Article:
If you want an honest answer, ask a child. I was musing this morning about what I should write about today and up chirped my eldest. ‘Maybe you could say something nice instead of complaining all the time?’ she said, before adding, ‘and using the f-word’. I think she’s in cahoots with the Mothership. So, what would you know but I took her advice and instead of boring you rigid with my mundane life, I’ll tell you what’s been keeping me going, all with a little nod to International Women’s Day which was on Monday.
What I’m watching- currently we are on Season 2 of ‘Borgen’- have you seen this yet? It’s a stylish Danish drama where women lead the game. While it’s palpably obvious that we can’t have it all, (and feck me, but it’s lonely at the top,) this shows women with integrity who aren’t afraid to be mavericks and challenge the system. We see life through the lens of a female Prime Minister and a top (and sickeningly young) journalist- both with personal lives which are every bit as complicated and interesting as the political arena in which they operate. It’s very hard to stop at just one episode, but what’s reining me in is that there’s only 3 seasons so I’m rationing myself. I see there’s just been a deal with Netflix so a fourth will be on its way, hurrah. The first episode in Season 2 is an absolute cracker- and made me think of Homeland. How I have missed Homeland…
Poor old LSB; when I suggested a movie on Saturday he was hankering after something with random explosions and a lack of dialogue, but I took hold of the remote and chose Late Night, starring Emma Thompson at her best, most pithy self and Mindy Kaling, most famous for not only starring, but writing in the American version of The Office. Tackling women’s issues is at the heart of this film, with Thompson playing a television presenter in her fifties who has been deemed past her prime by her network who are looking rid. This is where Kaling is wheeled in. Employed simply because they need both a female and a person of colour on the writing team, she immediately, (and predictably) kicks ass through a mixture of her audaciousness and vulnerability: Brené Brown, eat your heart out. The show thus tackles issues of ageism, gender and race: I’ve never worked in television so I’ve no idea how much of it rings true, but in a post Weinstein era, this movie is as funny as it is necessary. The best moment comes when Thompson’s character takes her younger, male replacement down on live TV, wiping the smirk off the cocky little misogynist’s face.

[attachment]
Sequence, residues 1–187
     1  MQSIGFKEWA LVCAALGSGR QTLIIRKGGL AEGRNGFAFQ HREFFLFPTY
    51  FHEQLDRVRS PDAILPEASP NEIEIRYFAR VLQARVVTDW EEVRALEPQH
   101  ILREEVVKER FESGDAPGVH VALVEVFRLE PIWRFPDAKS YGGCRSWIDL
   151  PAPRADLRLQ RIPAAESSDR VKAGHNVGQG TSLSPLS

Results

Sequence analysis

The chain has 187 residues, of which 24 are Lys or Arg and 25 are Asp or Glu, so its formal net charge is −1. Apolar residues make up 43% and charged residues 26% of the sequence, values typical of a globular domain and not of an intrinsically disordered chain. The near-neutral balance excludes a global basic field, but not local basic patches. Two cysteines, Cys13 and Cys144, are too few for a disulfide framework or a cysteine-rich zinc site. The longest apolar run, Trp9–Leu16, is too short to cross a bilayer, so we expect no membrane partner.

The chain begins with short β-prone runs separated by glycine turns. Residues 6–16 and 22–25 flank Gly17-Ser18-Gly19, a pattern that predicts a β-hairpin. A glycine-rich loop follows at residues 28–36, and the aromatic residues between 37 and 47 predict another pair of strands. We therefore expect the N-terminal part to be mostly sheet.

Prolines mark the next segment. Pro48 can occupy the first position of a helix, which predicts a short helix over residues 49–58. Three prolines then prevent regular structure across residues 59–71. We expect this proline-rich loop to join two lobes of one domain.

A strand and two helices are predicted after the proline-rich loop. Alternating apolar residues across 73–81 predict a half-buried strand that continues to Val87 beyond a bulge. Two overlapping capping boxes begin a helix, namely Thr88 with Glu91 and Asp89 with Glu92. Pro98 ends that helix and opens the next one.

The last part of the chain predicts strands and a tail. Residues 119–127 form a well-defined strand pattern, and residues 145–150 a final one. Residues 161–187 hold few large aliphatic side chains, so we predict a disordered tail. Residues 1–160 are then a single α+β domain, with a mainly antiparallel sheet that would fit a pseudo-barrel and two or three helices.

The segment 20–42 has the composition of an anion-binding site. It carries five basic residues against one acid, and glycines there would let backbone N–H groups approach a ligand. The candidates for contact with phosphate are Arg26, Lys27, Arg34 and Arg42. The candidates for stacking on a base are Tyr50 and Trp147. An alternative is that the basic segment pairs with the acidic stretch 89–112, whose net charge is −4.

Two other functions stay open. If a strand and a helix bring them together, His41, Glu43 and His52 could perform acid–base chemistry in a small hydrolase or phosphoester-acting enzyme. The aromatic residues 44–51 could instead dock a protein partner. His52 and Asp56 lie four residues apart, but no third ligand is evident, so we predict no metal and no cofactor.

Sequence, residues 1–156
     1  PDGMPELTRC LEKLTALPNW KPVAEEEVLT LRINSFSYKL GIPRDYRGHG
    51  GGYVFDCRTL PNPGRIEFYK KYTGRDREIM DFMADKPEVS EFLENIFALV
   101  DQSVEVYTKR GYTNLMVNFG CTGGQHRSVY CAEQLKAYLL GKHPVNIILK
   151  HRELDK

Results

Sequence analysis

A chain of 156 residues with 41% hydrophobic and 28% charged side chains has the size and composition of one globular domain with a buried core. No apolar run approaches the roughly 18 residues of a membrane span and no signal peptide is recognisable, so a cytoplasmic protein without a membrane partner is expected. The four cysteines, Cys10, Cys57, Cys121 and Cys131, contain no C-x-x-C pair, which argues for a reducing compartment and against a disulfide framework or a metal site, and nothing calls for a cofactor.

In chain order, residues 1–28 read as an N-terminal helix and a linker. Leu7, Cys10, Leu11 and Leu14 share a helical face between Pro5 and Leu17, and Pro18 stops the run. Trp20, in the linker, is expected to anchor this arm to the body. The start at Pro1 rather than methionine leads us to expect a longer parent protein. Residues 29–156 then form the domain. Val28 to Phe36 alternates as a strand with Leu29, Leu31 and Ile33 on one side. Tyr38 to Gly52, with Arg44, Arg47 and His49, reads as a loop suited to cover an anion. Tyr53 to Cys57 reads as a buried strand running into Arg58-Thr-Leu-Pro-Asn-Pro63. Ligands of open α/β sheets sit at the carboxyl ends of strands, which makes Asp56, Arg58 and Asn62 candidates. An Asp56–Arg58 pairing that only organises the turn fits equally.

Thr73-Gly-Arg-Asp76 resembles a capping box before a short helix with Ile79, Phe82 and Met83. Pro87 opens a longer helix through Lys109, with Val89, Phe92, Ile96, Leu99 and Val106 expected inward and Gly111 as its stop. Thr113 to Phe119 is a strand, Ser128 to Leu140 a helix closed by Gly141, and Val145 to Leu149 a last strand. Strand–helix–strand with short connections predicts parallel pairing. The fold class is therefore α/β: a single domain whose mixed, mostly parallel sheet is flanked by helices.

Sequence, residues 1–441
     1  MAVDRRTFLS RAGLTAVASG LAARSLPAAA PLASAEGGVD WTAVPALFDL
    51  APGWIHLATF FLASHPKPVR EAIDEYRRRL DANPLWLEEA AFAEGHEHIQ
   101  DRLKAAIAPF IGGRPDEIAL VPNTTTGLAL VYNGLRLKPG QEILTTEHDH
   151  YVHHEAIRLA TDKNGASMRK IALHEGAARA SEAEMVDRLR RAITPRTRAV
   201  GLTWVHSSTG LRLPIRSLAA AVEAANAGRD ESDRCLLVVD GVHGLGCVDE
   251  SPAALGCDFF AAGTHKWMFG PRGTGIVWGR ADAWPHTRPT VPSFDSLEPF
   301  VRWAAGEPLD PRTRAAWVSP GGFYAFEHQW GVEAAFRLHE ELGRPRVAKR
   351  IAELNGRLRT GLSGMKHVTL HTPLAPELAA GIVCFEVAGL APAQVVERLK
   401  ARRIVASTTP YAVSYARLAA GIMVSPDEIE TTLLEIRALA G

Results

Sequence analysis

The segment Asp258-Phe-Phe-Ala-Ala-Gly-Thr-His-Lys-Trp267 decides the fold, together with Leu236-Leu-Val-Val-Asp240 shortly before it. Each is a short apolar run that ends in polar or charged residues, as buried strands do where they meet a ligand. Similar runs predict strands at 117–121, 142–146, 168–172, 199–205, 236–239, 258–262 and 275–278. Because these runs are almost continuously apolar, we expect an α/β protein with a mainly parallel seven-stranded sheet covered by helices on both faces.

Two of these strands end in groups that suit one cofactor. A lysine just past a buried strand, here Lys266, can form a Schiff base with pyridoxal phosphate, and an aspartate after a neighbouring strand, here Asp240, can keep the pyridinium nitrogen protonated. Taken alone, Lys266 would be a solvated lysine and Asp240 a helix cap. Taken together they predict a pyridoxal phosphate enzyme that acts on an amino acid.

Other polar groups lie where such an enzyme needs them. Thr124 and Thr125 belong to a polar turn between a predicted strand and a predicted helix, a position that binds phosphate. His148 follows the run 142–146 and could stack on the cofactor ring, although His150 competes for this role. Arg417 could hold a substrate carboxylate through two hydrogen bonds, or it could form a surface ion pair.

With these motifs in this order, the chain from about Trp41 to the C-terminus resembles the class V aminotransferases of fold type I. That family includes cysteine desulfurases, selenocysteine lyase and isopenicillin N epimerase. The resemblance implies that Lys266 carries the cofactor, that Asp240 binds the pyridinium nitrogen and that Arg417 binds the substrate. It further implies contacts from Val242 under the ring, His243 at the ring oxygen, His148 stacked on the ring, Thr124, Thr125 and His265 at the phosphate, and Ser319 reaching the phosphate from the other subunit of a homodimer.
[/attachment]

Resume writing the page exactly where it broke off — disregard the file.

Who needs fiction though, you might be thinking, when you have Meghan and Harry providing drama to sustain us for the rest of lockdown (however long THAT’S going to end.) I wasn’t going to watch, but I was doing my dishes at the sink on Monday evening and thought, why not, I may as well be informed. But is informed the right word I wonder? Sure, I hadn’t a notion what was truth or falsehood by the end of it, and did wonder how anyone as obviously clever as Meghan Markle could have been so clueless about what the monarchy was like. Outdated, dysfunctional, and endemically racist, I’m not marrying into the family and I wouldn’t need Google to tell me that. I had to laugh though when Oprah asked Harry how he found life in California and he remarked that the dogs were happy. It’s the first time I’ve ever felt a kinship with a Royal, given the attention we’ve lavished upon our pets of late. The greyhound hates storms so she’s been in our bed, her long legs pressing into my ribs. ‘As long as she’s ok, ‘ I mutter to LSB as I manoeuvre myself into a tiny ball.
What I’m reading: I’ve just finished Wintering by Katherine May and might I suggest that you put your order in at Books Paper Scissors and invest in a copy because although penned just before the pandemic, it seems to have been written for this time. It is a beautiful memoir with practical tips on how to build yourself back up again if you’re burnt out and dispirited. Can anyone relate? Much is about forging a connection with nature again, and as the title suggests, living in accordance with the seasons. I’ve long been interested in the Scandinavian way of life, (who doesn’t love a bit of hygge?) and I loved the details about how Northern Europeans survive the long winter months. What is prevalent though is that you can’t avoid the winter, literal or metaphorical, there’s no way to see off the darkness, but to see a way to live through it and be receptive to the shards of light, from wherever they come.
Did I manage an entire blog post without complaining? Not exactly, but small steps.